Posted by: cameronlewismortgage | December 30, 2014

You Ask, We Answer: What is Private Mortgage Insurance or ‘PMI’ and How Does It Work?

You Ask, We Answer: What is Private Mortgage Insurance or 'PMI' and How Does It Work? For many homeowners, their mortgage payment contains more than just principal and interest. A little something called PMI could be representing a significant portion of that payment, and it’s important for home buyers to understand this cost.

What Is PMI?

PMI stands for private mortgage insurance, or sometimes just mortgage insurance. However, it isn’t intended to mitigate risk for the homeowner, but rather the bank.

Statistics show that when a home buyer puts less than 20% down on a home, he/she is much more likely to default. So, requiring these buyers to carry PMI helps the bank hedge their losses in the event of a default.

It’s important to note that the home buyer doesn’t shop for PMI; this is all taken care of by the lender. However, the cost of PMI should be calculated out well before closing to help the home buyer be aware of his/her final mortgage payment.

Who Needs PMI?

Who will need to carry PMI depends on factors like the credit rating of the buyer and the exact mortgage being sought out. However, it’s safe to say that most home buyers with less than a 20% down payment will be required to carry PMI.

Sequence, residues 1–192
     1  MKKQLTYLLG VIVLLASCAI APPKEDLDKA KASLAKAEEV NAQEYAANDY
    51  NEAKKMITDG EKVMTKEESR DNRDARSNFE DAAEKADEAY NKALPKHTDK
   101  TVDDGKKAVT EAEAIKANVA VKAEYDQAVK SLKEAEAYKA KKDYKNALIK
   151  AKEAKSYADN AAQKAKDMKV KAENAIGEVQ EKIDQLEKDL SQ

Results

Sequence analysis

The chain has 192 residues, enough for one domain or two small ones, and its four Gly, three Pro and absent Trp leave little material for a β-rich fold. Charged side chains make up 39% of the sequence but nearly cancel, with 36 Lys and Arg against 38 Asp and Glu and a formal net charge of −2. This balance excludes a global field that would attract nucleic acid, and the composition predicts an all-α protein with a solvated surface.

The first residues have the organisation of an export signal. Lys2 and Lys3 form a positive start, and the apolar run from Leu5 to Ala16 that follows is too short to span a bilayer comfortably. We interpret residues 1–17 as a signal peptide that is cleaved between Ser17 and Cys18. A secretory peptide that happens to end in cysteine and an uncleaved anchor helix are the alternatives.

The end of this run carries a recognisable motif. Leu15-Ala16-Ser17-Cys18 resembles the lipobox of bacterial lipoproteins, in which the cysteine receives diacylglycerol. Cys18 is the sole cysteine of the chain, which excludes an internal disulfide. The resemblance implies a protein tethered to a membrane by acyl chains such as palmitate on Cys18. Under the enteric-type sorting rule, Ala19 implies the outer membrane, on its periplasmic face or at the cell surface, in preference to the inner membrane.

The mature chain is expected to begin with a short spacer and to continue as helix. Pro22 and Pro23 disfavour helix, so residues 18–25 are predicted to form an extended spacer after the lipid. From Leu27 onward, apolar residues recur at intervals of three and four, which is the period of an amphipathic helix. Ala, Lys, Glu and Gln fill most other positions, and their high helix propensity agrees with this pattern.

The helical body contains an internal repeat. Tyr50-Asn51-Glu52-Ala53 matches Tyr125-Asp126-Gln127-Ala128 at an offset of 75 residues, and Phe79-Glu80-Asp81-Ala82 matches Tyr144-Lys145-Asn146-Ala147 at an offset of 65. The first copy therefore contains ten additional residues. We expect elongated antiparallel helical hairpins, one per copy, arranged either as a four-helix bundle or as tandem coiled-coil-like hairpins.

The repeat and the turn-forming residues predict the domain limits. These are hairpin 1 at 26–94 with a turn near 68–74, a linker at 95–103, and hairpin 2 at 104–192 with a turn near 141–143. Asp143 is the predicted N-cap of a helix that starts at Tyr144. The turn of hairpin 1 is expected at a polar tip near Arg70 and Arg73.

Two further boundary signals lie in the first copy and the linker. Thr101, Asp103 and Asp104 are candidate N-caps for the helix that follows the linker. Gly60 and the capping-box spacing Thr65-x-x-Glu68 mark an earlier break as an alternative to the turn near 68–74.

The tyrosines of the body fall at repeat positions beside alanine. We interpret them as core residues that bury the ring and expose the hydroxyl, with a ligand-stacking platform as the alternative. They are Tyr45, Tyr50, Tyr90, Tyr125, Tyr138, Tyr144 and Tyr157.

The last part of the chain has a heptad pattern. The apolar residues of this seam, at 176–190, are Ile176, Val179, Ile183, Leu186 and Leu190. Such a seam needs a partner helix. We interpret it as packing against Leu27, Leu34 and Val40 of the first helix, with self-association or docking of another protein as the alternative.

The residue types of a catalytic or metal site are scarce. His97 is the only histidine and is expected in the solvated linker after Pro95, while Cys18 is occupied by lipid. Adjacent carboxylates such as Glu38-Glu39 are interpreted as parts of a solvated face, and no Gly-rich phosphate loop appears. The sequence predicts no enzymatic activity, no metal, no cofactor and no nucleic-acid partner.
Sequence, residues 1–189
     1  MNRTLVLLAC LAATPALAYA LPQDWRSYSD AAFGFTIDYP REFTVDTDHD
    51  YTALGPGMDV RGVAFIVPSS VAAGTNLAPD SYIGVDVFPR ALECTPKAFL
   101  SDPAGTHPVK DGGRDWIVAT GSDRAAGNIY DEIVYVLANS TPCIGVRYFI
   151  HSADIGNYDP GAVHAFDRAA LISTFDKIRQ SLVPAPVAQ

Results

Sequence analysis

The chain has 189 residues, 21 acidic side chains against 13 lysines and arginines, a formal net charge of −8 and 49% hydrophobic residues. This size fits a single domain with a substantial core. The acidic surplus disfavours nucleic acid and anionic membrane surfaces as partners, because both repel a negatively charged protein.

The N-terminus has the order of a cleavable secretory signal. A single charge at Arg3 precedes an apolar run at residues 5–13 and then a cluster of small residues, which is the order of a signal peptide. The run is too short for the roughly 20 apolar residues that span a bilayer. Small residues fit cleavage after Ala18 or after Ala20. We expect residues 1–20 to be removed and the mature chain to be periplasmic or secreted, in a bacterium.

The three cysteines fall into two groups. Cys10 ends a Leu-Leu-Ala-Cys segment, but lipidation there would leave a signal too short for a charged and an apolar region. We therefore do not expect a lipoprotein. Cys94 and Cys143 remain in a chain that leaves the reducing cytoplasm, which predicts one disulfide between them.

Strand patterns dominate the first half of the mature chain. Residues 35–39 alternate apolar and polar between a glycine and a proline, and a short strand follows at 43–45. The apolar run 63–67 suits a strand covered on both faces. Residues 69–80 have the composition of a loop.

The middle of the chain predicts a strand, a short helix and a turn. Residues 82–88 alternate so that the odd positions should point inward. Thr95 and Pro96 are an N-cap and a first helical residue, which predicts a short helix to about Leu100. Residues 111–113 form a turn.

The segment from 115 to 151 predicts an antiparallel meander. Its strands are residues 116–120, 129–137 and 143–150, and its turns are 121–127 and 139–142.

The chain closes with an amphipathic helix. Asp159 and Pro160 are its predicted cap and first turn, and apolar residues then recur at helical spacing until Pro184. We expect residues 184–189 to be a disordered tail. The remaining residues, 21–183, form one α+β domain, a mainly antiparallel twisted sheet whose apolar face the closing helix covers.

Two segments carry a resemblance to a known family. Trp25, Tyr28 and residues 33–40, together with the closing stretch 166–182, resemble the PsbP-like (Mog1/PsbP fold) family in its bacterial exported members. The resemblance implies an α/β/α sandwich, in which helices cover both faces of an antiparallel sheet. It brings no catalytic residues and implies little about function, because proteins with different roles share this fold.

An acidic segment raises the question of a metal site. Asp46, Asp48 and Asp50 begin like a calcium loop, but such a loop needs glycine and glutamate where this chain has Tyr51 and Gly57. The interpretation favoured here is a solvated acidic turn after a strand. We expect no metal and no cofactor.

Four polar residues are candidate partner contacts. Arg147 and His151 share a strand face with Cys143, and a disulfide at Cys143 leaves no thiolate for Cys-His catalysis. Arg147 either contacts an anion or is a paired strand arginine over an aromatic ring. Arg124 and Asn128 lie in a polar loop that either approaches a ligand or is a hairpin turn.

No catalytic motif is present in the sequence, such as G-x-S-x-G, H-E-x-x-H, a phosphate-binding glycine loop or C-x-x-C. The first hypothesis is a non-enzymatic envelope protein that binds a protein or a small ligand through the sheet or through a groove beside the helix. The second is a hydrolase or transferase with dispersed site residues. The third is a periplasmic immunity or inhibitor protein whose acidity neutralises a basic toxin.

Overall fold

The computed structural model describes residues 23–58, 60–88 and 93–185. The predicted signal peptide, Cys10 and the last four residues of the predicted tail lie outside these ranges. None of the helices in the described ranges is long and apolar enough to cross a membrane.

Does PMI Ever Go Away?

Eventually, PMI can be removed from a mortgage once enough of the principle has been paid down or enough years have passed.

It’s important for home buyers to fully understand the terms of their PMI requirement. Sometimes, it will be automatically removed once 20% of the house has been paid off, while other times, refinancing may be required.

Should Those Who Cannot Put 20% Down, Not Buy A House To Avoid PMI?

Unfortunately, this is not an easy question to answer. Yes, PMI is an extra cost that needs to be calculated into the cost of the home – but putting off a home purchase isn’t necessarily the right course of action.

For many families, it’s financially challenging to save up 20% of the cost of a home. After all, in 2010, the median home price of new homes sold in America was $221,800. A 20% down payment on such a home would be $44,360.

However, many find that it’s still cheaper, or just financially wiser, to buy a home with PMI than to continue renting. Each potential home buyer should call their mortgage professional to get more information about market trends in their area and to decide the appropriate course of action.


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